I sometimes daydream about a life without food allergies. Unfortunately, that life is not my reality. I have severe nut (peanuts AND tree nuts) allergies. My family discovered I was allergic to nuts shortly after my mom made a PB&J sandwich for me, and I wouldn’t eat it. Oddly enough, my body intuitively knew that I shouldn’t eat it by, perhaps, the smell.
My mom was stunned that I wouldn’t eat the PB&J sandwich. What kid doesn’t eat PB&J, right? It is often a staple food item for toddlers. Because my mom loves every category of nuts, she was not to be deterred. She baked a batch of peanut-butter cookies (her favorite cookies no less) and even took the time to make the fork print designs on each cookie, and to her surprise, I wouldn’t eat them either. My sister came along 20 months later, and when she became a toddler, my mom repeated the PB&J sandwich and the peanut-butter cookie experiment. It was as if she hit the playback button on the video recording of my PB&J and peanut-butter cookie scene because my sister also rejected both items. It wasn’t confirmed that both of us had a nut allergy until we were at a restaurant and ate a dessert made with a nut crust. Both of us experienced nasal congestion, runny noses, itching of the mouth and throat, and swollen lips.
I had a similar reaction at Sam’s Club when I ate a sample of pistachios. Based on this and my previous experiences, I compiled a list of nuts I couldn’t eat that began with peanuts (peanuts are actually legumes) followed by pistachios. It wasn’t long before I figured out it was best to avoid walnuts, almonds, pecans, pistachios, pine nuts… in a word, ALL nuts.
Nonetheless, I remember being forced to eat a PB&J sandwich in the 4th grade. The employee in the lunchroom didn’t believe me when I told her I was allergic to peanuts and said I couldn’t go back to the classroom until I ate my lunch. I finally gave in and took a small-like-the-tiniest-bite-ever and instantly became symptomatic with throat swelling and labored breathing. Of course, the school officials had to call my mom and when mama bear (a.k.a. my mom) arrived at the school in lightning speed, it was not a pleasant experience for those involved. Needless to say, that never happened again!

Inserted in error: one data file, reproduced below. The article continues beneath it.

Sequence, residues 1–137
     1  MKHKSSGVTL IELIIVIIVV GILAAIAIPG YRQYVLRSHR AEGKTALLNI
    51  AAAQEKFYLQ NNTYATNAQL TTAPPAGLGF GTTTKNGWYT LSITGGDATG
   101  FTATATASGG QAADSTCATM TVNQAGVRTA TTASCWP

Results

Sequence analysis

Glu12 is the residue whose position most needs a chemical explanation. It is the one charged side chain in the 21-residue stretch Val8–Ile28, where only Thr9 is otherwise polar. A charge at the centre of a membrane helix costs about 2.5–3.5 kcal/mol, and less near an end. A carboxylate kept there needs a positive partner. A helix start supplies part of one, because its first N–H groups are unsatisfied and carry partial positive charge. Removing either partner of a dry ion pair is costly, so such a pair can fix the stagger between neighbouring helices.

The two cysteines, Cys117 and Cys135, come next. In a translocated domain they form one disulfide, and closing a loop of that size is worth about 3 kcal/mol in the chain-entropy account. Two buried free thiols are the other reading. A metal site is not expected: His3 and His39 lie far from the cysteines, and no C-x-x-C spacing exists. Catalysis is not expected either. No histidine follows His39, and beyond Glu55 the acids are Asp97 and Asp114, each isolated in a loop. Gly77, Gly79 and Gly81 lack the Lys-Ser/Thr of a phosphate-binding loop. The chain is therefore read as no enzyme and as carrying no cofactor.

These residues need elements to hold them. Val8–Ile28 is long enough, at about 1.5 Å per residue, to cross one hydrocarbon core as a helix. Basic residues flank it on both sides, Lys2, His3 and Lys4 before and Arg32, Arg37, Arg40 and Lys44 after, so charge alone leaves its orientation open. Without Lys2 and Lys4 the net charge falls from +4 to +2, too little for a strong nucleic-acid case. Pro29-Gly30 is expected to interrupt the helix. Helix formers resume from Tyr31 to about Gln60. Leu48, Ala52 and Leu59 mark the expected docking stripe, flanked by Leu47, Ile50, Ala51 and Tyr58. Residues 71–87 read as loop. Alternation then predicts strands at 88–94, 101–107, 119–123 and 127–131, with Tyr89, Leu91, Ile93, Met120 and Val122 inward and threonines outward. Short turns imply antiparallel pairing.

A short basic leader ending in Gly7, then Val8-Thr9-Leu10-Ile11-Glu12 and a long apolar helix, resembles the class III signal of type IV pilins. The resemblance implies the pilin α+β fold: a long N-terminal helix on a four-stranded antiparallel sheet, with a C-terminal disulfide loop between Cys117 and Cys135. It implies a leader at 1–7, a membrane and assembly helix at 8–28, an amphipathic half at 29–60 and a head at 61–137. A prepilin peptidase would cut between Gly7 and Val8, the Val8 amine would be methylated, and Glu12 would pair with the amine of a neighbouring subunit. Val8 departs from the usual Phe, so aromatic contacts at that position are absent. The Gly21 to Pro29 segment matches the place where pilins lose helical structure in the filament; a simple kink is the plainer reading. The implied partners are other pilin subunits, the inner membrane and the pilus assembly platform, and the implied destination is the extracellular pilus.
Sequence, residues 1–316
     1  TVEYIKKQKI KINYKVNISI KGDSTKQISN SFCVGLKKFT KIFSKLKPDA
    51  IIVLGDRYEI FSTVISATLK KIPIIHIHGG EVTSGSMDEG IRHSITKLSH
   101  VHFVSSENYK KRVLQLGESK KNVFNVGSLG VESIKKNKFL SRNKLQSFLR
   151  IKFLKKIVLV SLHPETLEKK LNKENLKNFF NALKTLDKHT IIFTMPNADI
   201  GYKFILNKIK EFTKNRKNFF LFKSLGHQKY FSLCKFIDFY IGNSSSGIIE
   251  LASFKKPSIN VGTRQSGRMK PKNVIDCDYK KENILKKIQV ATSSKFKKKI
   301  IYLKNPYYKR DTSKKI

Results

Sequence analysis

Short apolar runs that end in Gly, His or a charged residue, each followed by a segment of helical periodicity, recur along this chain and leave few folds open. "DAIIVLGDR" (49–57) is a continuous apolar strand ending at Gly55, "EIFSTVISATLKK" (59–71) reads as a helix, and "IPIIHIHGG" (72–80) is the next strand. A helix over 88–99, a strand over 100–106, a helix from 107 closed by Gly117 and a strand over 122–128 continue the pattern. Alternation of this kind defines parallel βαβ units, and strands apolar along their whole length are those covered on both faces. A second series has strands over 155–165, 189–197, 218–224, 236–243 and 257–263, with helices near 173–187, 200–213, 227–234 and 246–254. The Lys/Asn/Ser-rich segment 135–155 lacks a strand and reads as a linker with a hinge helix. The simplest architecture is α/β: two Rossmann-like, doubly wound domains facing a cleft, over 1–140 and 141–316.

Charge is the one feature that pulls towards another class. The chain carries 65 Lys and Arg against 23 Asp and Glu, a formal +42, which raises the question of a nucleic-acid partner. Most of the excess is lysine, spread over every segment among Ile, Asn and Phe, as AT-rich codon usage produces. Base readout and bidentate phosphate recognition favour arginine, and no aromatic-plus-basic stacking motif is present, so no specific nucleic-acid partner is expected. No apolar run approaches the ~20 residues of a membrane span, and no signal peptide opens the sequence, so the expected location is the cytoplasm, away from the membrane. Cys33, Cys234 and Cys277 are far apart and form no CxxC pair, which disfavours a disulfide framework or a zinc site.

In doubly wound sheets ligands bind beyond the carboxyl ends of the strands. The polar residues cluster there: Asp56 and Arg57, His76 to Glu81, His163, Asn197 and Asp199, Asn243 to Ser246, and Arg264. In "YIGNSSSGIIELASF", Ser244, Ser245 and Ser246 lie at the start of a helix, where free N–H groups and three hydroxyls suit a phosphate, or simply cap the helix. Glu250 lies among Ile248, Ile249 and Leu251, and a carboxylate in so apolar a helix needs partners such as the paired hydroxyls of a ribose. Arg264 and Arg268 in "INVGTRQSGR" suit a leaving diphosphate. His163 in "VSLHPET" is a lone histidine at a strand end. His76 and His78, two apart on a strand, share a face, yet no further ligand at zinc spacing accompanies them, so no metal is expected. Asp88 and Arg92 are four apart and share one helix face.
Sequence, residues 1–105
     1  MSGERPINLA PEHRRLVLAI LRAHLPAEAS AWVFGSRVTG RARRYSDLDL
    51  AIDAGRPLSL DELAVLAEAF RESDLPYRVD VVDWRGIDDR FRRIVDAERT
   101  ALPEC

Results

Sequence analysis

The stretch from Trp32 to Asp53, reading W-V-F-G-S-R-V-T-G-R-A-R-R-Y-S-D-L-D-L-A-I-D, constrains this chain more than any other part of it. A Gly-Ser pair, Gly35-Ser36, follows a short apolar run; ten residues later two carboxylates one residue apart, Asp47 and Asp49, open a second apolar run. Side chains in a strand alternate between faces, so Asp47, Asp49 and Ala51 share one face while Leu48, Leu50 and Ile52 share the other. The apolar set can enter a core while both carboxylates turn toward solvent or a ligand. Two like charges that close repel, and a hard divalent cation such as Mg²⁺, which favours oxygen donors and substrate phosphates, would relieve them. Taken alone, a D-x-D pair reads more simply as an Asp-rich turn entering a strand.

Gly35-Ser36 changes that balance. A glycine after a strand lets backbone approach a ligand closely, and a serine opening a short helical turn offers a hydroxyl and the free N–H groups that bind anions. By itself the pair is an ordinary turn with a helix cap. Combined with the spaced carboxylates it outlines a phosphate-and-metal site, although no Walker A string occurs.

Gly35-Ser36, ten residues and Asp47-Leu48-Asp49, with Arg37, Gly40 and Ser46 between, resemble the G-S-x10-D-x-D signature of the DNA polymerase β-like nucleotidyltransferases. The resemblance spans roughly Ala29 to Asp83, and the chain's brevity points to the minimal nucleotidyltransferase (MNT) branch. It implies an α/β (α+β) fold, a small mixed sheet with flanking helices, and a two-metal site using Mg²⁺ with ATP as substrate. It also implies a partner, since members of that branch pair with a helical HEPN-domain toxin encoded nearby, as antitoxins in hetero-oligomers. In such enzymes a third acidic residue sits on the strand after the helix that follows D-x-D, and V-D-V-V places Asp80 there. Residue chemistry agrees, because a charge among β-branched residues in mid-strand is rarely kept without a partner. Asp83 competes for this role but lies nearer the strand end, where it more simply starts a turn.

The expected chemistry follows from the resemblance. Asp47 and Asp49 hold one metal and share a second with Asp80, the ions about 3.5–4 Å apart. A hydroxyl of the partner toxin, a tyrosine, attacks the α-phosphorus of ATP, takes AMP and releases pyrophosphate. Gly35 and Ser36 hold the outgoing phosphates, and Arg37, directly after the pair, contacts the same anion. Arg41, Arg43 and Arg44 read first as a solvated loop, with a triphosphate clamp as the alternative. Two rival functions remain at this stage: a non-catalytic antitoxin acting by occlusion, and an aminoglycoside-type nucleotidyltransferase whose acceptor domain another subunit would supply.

We didn’t take an allergy test or get formally diagnosed back then (just saying this, I realize I sound old). My mom told us to only eat the food she packed for us when at school, and we tried to ask questions about menu items and inform the restaurant employees of allergies before ordering food.
Currently, my oldest child is showing signs and symptoms of food allergies. I pray that she outgrows this as 10 percent of children do, according to the American College of Allergy, Asthma and Immunology. On the flip side, the Centers for Disease Control and Prevention reported that the incidence of allergies is increasing among children. The cliche, “It takes a village to raise a child,” is so true! To say the least, a village definitely makes the task easier. I am so thankful when a mom makes the effort to have allergy-friendly choices available for my daughter and I at a playdate or birthday party, or when a friend defers the restaurant selection to me to ensure there are allergy-friendly menu selections available for us. Also, when another allergy mom makes something for her daughter and mine, that is a consideration I notice and very much appreciate. Honestly, it is a simple gesture of genuine love for a fellow mom that not only makes me take notice, but lessens the burden of worry knowing there will actually be something we can safely eat when we are invited to social events.